One of my teachers told me to draw a picture to better understand a problem. So this crude chart is my attempt at making an economic depiction of the value pricing proposition compared to the hourly billing model. Your service generally has a set value to the client, which is the maximum price they are willing to pay for your work. If your price is based on hours worked as shown by line P, then as your hours increase, your price increases according to the rate.
So long as your total hours keep your price under the value line, you will easily collect what you bill, as the client knows they would have paid more and feel they have received your services at a discount to their value. However, if your hours put you at a price point above the value line, the client will either pay grudgingly or attempt to negotiate back down to the value line. If you are consistently over this value line, you will encounter haggling with clients who don’t want to pay your price.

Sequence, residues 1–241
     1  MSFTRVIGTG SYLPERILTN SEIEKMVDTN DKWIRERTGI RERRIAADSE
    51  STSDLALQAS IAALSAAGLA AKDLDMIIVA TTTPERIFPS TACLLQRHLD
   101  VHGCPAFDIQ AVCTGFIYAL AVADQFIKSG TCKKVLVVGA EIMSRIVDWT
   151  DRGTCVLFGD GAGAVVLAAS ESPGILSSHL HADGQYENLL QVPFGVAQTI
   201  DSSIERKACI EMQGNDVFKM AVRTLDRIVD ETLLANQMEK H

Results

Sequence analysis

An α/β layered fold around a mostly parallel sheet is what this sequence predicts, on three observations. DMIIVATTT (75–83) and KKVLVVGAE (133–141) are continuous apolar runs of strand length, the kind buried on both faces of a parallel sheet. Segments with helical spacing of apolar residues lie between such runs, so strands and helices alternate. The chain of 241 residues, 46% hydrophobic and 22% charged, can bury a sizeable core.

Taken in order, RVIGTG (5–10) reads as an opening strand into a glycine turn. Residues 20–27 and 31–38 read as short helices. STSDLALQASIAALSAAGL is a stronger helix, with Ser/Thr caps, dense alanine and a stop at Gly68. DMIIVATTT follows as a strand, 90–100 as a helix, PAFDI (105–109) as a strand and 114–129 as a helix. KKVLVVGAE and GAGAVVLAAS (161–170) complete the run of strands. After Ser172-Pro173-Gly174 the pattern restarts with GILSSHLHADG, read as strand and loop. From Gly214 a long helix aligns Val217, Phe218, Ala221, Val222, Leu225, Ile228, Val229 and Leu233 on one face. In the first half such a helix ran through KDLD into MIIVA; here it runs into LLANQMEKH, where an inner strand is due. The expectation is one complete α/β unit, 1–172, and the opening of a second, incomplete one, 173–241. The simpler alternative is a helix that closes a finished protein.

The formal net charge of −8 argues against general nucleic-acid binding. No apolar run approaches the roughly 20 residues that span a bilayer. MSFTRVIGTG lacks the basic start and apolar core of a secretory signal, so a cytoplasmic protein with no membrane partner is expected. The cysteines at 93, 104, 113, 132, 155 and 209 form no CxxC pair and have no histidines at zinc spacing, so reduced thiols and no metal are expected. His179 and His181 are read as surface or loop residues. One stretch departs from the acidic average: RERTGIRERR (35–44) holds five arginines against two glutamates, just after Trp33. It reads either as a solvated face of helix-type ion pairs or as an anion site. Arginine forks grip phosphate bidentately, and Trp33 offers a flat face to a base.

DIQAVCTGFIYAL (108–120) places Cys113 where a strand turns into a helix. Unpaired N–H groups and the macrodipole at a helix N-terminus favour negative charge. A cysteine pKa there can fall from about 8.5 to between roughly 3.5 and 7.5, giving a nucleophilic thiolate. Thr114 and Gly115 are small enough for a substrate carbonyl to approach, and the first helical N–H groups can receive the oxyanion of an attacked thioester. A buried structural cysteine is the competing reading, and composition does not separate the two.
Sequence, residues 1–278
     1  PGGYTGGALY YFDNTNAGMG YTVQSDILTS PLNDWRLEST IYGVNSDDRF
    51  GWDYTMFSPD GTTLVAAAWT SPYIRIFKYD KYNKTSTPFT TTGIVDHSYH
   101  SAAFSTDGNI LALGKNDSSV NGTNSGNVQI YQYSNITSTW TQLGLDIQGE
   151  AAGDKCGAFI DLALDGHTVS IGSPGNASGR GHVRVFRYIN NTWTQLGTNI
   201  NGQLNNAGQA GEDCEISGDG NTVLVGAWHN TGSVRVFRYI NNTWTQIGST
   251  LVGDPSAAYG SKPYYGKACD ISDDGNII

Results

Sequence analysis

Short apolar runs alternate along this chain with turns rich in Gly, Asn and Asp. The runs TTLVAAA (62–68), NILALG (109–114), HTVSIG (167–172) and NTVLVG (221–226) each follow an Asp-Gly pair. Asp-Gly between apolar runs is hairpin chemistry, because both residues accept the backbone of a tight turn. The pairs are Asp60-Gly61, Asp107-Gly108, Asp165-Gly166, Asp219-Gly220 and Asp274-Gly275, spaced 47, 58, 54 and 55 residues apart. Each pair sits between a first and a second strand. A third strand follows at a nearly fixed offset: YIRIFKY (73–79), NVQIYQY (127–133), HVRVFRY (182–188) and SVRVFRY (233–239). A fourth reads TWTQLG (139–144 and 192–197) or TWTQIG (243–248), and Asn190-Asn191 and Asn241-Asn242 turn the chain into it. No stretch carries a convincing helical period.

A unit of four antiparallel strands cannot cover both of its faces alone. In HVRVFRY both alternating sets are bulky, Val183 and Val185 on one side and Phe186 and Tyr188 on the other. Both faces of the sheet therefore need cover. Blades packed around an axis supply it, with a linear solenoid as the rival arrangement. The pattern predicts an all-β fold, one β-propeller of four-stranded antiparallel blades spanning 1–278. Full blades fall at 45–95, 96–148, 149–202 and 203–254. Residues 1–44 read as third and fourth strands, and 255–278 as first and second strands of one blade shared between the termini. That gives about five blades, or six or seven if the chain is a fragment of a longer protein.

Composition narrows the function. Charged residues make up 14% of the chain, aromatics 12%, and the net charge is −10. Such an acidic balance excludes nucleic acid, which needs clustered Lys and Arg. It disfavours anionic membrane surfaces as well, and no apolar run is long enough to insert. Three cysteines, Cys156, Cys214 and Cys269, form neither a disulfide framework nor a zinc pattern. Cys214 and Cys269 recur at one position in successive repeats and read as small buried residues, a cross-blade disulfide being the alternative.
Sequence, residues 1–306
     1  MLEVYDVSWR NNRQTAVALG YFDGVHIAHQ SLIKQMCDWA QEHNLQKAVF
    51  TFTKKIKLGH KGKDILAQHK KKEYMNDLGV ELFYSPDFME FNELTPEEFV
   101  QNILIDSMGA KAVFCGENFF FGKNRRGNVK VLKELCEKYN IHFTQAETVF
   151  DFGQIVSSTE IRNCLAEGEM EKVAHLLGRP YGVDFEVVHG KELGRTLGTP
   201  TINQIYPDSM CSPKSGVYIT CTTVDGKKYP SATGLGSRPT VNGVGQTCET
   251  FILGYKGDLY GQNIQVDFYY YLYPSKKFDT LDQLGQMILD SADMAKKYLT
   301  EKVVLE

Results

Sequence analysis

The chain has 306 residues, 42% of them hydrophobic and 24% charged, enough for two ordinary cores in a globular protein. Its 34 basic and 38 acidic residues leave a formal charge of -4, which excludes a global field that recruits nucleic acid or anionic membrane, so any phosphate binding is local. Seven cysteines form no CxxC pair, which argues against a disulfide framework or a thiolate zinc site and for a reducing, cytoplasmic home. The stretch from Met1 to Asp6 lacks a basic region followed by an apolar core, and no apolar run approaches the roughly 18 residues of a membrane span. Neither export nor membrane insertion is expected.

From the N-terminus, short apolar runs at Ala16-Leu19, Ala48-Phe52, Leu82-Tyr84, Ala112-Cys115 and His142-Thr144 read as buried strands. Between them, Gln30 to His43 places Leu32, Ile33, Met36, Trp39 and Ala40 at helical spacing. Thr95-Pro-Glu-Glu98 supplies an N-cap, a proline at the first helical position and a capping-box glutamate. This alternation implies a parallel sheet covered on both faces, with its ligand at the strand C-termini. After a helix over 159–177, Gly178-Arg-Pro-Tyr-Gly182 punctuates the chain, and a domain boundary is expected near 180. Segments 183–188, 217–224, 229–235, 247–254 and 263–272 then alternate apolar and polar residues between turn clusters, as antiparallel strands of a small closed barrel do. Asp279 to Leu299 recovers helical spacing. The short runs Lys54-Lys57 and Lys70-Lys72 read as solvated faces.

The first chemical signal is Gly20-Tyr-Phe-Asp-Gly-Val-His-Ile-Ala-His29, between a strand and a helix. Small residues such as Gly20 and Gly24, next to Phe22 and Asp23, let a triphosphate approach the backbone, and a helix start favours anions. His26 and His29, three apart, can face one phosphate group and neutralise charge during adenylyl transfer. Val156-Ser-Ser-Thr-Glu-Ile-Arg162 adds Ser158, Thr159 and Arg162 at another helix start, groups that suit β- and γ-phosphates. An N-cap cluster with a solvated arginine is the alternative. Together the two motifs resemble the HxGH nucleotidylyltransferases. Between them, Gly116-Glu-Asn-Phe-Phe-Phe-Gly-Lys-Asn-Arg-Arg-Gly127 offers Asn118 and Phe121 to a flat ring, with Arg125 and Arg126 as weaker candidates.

If you are consistently under this value line, then you are always leaving money on the table that the client would have given to you if you had asked for it. This scenario is why value pricing increases profitability. The efficient service provider is punished in an hourly pricing model (same profit margin with less total revenue), but will be rewarded in a value based model with a higher profit margin and higher total revenue.
Good economics dictates that firms wish to maximize profit, not billable hours. Be efficient, deliver great value, and make obscene profits by pricing for value.